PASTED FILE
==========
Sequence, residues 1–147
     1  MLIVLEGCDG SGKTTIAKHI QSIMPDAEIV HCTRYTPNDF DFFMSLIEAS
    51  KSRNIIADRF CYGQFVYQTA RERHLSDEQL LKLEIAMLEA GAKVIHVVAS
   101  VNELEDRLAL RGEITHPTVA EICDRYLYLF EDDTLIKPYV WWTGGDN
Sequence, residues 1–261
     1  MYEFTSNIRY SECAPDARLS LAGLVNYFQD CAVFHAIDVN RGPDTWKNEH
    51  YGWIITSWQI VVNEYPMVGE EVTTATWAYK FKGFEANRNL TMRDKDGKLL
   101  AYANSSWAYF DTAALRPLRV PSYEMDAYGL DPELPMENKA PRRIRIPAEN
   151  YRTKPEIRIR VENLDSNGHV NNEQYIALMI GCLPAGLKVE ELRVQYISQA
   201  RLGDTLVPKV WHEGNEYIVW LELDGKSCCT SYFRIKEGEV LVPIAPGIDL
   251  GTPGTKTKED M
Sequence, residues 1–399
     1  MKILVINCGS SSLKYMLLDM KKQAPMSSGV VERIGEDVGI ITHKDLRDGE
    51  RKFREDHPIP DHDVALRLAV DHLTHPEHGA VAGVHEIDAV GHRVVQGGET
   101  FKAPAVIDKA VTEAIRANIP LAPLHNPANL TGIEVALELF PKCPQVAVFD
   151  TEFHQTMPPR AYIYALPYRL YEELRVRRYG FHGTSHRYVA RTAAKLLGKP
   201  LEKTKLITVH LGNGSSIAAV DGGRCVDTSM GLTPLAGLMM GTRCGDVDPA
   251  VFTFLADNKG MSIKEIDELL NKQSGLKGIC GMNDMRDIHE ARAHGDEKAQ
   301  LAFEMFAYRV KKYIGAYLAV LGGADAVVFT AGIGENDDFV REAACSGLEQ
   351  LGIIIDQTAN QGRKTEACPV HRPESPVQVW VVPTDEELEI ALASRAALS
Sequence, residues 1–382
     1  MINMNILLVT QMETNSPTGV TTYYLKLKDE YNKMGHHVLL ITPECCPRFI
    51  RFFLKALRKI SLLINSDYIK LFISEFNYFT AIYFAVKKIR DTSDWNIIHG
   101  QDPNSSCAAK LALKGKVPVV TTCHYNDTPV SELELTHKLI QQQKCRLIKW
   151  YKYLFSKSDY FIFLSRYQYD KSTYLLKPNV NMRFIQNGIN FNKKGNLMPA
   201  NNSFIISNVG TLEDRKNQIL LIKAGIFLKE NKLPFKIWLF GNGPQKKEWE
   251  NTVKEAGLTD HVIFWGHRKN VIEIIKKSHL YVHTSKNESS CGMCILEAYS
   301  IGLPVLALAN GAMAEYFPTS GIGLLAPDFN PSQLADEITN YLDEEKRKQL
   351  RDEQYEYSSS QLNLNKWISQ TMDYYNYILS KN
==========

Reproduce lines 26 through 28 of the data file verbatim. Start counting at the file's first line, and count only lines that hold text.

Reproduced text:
   201  NNSFIISNVG TLEDRKNQIL LIKAGIFLKE NKLPFKIWLF GNGPQKKEWE
   251  NTVKEAGLTD HVIFWGHRKN VIEIIKKSHL YVHTSKNESS CGMCILEAYS
   301  IGLPVLALAN GAMAEYFPTS GIGLLAPDFN PSQLADEITN YLDEEKRKQL